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All's Well That Ends Well

All's Well That Ends Well

  

by William Shakespeare

All's Well That Ends Well Old Age and Youth Quotes

How we cite our quotes: (Act.Scene.Line)

Quote #7

KING
Sit, my preserver, by thy patient's side, (2.3.48)

When young Helen uses her dead father's medicine to cure the dying monarch, the king of France is grateful; he even calls her his "preserver." In a previous passage (1.2.52-67), the king of France worries that the younger generation isn't capable of taking over when he's dead and gone. The fact that he's cured by a girl completely contradicts the idea that all young people are shallow, foolish, and incompetent. Maybe there's some hope for the future after all.

Quote #8

PAROLLES
You are too old, sir; let it satisfy you, you are
too old.
LAFEW
I must tell thee, sirrah, I write man, to which
title age cannot bring thee. (2.3.210-213)

There's something amusing about an old man threatening to beat up a guy who's half his age, especially when we know he could probably do it. Shakespeare seems to be writing this for a laugh, but the whole scene makes a bigger point: the older guys like Lafeu are better men than their younger counterparts.

Quote #9

LAFEW
The devil it is that's thy master. Why dost thou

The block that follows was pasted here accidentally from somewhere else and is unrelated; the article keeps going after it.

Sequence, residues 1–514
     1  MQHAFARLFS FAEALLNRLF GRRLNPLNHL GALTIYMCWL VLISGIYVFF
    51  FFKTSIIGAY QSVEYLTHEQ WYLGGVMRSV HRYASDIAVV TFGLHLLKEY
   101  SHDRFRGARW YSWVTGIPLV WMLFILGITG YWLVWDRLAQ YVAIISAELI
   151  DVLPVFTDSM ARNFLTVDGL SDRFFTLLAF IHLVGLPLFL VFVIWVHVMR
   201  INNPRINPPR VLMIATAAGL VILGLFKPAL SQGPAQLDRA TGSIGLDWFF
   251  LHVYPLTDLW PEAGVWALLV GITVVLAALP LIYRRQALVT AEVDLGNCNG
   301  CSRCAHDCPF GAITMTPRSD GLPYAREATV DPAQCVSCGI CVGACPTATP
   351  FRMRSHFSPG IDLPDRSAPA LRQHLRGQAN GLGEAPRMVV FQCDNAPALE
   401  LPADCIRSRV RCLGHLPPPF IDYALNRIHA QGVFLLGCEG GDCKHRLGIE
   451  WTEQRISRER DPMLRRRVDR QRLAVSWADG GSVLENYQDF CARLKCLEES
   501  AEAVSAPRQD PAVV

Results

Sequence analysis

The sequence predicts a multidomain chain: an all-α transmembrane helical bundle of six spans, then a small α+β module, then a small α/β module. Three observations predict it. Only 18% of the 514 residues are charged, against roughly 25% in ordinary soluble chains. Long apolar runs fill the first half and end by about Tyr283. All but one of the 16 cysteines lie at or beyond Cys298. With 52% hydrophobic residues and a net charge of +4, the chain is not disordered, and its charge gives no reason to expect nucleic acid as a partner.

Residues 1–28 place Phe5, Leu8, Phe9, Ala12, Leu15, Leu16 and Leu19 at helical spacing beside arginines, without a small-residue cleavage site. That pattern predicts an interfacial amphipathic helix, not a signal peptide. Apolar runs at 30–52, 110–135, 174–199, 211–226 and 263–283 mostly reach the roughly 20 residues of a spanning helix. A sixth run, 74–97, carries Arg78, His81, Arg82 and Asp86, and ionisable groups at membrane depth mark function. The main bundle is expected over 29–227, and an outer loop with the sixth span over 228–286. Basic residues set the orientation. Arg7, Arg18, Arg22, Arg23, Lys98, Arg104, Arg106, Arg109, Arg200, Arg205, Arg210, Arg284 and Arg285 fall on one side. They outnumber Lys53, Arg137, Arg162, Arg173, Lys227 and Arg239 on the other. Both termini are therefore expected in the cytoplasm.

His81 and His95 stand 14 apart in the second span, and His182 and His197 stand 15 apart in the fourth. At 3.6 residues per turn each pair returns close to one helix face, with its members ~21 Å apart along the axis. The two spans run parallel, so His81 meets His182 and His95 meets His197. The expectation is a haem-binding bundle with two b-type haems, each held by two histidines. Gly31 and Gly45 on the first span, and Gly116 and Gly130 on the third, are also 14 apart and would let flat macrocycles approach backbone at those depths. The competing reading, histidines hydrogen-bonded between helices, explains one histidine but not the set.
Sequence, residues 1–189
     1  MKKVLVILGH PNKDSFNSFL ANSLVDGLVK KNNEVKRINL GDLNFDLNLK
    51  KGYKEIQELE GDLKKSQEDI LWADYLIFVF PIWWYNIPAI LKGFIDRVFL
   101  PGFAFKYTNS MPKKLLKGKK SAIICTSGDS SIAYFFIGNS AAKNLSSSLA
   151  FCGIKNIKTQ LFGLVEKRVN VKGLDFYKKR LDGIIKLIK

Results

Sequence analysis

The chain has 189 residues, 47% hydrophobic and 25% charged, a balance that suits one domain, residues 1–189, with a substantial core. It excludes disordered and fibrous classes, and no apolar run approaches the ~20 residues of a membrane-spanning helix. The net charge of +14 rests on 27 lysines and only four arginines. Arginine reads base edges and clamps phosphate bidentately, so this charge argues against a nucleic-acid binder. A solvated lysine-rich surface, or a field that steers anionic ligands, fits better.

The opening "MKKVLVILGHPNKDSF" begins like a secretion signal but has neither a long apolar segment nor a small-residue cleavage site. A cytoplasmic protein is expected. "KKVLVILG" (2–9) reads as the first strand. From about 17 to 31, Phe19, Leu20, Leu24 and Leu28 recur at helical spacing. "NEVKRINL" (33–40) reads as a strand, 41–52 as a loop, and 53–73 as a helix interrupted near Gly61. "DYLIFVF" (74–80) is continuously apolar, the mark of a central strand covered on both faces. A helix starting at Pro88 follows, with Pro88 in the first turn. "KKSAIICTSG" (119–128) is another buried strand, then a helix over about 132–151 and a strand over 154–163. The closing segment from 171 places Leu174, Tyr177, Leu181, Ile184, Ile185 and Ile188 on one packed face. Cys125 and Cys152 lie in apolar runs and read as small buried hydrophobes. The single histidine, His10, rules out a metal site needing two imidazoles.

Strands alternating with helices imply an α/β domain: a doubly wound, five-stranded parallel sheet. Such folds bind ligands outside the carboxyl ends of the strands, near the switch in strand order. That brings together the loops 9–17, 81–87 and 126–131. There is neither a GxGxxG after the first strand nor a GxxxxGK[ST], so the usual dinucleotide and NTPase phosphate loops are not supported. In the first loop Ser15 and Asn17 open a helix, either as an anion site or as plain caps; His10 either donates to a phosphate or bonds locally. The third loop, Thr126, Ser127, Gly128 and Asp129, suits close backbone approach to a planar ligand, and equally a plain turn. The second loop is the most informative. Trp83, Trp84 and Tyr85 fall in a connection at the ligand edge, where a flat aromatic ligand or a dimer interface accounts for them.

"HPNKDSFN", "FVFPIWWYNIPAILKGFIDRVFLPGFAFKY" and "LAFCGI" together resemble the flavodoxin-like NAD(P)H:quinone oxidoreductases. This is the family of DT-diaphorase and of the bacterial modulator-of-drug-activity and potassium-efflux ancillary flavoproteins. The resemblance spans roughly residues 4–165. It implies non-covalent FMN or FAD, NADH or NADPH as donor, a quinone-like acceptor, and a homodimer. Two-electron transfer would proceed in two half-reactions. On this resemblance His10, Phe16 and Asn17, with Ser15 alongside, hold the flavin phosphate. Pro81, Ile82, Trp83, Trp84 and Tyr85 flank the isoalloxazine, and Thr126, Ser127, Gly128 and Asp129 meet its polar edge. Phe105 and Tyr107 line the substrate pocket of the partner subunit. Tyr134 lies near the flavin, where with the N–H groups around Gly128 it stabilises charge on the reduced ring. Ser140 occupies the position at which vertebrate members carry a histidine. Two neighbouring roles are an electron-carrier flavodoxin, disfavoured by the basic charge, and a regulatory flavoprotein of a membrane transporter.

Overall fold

garter up thy arms o' this fashion? Dost make hose
of sleeves? do other servants so? Thou wert
best set thy lower part where thy nose stands. By
mine honor, if I were but two hours younger, I'd
beat thee. Methink'st thou art a general offense,
and every man should beat thee. I think thou wast
created for men to breathe themselves upon thee. (2.3.263-270)

If adults constantly criticize the way you dress, you're not alone. Here, Lafeu hassles Paroles about his clothes; he's so annoyed by the younger guy's outfit that he says he'd like to "beat" him. This isn't the only time an older character makes a big deal about how the younger generation of men dress themselves. At one point, Lavatch makes a sarcastic crack about how Bertram's friends are all wearing "delicate fine hats, / and most courteous feathers" (4.5.87-88). In this play, clothing emphasizes the generation gap.

Check out this short clip where a famous costume and set designer talks about how she designed costumes to play up the generation gap in a 2009 production of All's Well.

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